21. CSI first argues that arbitration clauses are the norm in the insurance industry. Generally, an industry custom or practice must be "definite, uniform, and well known, and it must be established by 'clear and satisfactory evidence.'" Howard Univ. v. Best, 547 A.2d 144, 151 (D.C. 1988); Weaver v. Du Pont, 119 A.2d 716, 716 (D.C. 1956); accord Law Debenture Trust Co. of New York v. Maverick Tube Corp., 595 F.3d 458, 466 (2d Cir. 2010) (applying New York law). Simply put, CSI has failed to prove, by a preponderance of the evidence, that there is any custom or practice concerning the use of arbitration clauses in this context, let alone one sufficiently "definite, uniform, and well known" to justify its use as extrinsic evidence of the parties' intent. See Diskin v. J.P. Stevens & Co., Inc., 836 F.2d 47, 51-52 (1st Cir. 1987) (applying New York law, concluding that party could not establish arbitration was customary method of resolving disputes through vague and unspecific evidence).
22. CSI next argues that the absence of extrinsic evidence is of no moment merely by virtue of the fact that representatives of CSI and PCH signed the Agreement. The argument is perplexing. True, a meeting of the minds may be evidenced by the terms of a signed written agreement, Davis v. Winfield, 664 A.2d 836, 838 (D.C. 1995), but that truism is of no use here given the patent ambiguity in the Arbitration Clause. Cf. Bryson, 268 F. Supp. 2d at 52 (although arbitration clauses need not expressly state that they are "mandatory," there must nevertheless be "other indications" of an intent to consent to binding arbitration). The same holds true for CSI's curious argument that principles of equitable estoppel preclude any effort by PCH to suggest that the Agreement is unenforceable on the grounds that PCH had yet to be formed as of the date of the Agreement. In effect, both arguments beg the question. PCH has never claimed that it is not bound by the Agreement or, more specifically, the Arbitration Clause; rather, it has simply maintained that the Arbitration Clause does not require binding arbitration, and CSI has not adduced any evidence suggesting that the parties' shared understanding was otherwise.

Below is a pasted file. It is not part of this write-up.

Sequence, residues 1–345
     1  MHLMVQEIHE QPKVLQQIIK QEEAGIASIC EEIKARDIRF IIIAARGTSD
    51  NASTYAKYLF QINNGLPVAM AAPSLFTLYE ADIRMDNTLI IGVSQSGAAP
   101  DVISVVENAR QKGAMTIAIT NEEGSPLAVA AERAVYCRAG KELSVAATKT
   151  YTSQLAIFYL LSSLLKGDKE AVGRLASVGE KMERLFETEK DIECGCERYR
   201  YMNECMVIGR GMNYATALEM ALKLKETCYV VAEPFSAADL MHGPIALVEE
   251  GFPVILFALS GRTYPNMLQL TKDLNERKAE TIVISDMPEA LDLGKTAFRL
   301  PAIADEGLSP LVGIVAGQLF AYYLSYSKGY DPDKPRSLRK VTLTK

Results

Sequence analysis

23. Even considering all of the extrinsic evidence on the record, the Court cannot conclude that a reasonable person in the position of the parties would have construed the Arbitration Clause as requiring arbitration of the parties' disputes. CSI has simply fallen woefully short of establishing, by a preponderance of the evidence, that there was a "meeting of the minds" between CSI and PCH as to the nature of the Arbitration Clause. There being no "mutual consent on the issue, there [can] be no binding contractual commitment." Local Union 1395, Int'l Bhd. of Elec. Workers, AFL-CIO v. Nat'l Labor Relations Bd., 797 F.2d 1027, 1036 (D.C. Cir. 1986); see also ISC Holding AG v. Nobel Biocare Invs. N.V., 351 Fed. Appx. 480, 481 (2d Cir. 2009) (summary order) ("Without a meeting of the minds such that an enforceable agreement to arbitrate was formed, we will not compel arbitration."). Accordingly, by operation of the Savings Clause and substantive federal arbitration law, the Arbitration Clause in effect drops out from the Agreement. See Rent-a-Center, W., Inc. v. Jackson, __ U.S. __, 130 S.Ct. 2772, 2778 (2010) (as a matter of substantive federal arbitration law, an arbitration provision is severable from the remainder of the contract).